Secular Oaths

“I do solemnly swear that I will faithfully execute the Office of President of the United States,” so begins the story. With President Obama’s second inauguration so fresh in the public mind, an article in the Sunday New Jersey Star-Ledger raised the question of using Bibles for taking this secular oath. As A. James Rudin points out, not every president has laid a hand on the Bible to take the oath—John Quincy Adams preferred a law book to do the job. Rudin points out that commentators have started to question the practice of using any religious book for taking a vow for a government position. As I read this article I had to pause for a thought. It was the particular turn of phrase “the Bible, and by implication all other religious writings,” that stopped me at this brain crossing.

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Anyone who has taken time to study the phenomenon of religion seriously (admittedly not a large cohort) has stumbled upon the blue whale in the room: what exactly is religion? We all know, but nobody really knows. Many scientists equate religion with superstition and claim that we are evolving out of it, but we still seem preternaturally powerfully attached to it, if that’s the case. While religious writings have been around for ages, the idea of a sacred book seems to have its origins in the societal reception of the Bible. There are older religious books, but the Bible seems to have defined the category. What’s running rampant in my mind is where the line is drawn between a religious and a secular book. For some, it would seem, Fifty Shades of Grey, or Twilight would fall into that category. Some thinner, more glossy and heavily illustrated literature favored by teenaged boys might also qualify. What makes a book religious?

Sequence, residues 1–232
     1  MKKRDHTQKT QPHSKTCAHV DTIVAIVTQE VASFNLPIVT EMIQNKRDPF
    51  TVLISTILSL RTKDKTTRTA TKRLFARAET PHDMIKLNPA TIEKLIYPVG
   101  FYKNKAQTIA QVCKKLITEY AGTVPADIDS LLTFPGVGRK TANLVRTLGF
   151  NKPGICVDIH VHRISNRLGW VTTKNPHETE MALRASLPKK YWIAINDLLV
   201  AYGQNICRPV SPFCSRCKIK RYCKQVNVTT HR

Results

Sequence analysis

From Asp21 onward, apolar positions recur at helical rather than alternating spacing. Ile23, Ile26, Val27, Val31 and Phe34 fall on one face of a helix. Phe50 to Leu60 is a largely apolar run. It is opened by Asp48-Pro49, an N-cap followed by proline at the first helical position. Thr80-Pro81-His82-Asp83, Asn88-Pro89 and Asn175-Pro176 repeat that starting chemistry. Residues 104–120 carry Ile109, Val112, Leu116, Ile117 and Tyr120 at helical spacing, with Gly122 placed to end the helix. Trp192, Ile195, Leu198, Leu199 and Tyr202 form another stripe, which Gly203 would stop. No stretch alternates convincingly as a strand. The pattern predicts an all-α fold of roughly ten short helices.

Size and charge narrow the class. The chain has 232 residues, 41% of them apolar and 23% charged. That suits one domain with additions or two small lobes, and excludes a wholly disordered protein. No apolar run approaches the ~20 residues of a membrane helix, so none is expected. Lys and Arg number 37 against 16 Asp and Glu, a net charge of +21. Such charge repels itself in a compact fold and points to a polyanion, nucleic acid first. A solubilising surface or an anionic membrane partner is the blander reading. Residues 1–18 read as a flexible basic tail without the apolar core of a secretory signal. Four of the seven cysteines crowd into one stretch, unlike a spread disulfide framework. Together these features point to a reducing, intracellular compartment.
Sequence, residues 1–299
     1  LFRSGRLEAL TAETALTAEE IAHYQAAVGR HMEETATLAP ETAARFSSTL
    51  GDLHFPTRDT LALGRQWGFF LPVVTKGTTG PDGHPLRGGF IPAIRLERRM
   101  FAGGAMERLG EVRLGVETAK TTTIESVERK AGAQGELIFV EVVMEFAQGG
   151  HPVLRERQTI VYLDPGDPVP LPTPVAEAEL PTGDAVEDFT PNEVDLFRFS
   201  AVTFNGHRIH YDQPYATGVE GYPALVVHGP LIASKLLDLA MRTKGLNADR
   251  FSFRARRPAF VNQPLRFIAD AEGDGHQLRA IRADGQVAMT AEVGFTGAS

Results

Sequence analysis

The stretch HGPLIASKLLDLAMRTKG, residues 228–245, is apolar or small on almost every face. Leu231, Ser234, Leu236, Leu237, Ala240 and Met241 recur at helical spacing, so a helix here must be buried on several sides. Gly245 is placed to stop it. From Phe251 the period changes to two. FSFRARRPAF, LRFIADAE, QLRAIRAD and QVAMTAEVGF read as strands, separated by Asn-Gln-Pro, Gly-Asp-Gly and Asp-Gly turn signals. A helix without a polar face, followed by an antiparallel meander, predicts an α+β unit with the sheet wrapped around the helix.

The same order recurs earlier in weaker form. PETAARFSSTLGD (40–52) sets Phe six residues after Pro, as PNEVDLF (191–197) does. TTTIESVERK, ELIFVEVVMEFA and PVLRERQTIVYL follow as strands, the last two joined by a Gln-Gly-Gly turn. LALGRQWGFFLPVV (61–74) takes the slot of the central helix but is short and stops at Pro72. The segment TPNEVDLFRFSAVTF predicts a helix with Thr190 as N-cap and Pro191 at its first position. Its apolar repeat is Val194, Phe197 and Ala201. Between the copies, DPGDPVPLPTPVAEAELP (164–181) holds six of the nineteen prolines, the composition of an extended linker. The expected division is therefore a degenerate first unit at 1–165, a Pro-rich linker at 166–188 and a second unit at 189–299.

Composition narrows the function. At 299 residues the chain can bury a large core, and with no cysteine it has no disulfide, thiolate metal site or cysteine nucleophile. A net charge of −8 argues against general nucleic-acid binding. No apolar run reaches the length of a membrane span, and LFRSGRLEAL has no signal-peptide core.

In current understanding, religion is a matter of belief. Not all religions insist on belief, but in the United States, in any case, it’s not properly religion without it. In our secular society belief is atomized into millions of varieties, even within the same religious family. Step outside the church, synagogue, or mosque, and the sheer varieties of religious experience would make even William James blush. “All other religious writings.” Those might include just about every pen stroke on paper (or electron on whatever it is that I’m typing this into). Those of us who venture to write know that at some level it is a sacred activity. I would swear it with my hand on my dissertation. (At graduation at Nashotah House students are hit on the head with a Bible. Perhaps this might be more appropriate to swearings in?) We lay our hands on that which is sacred, otherwise there’s no vow involved. Whether it be Bible, law book, or saucy literature, we pledge on it because all books are religious, regardless of definition.

Out with the Old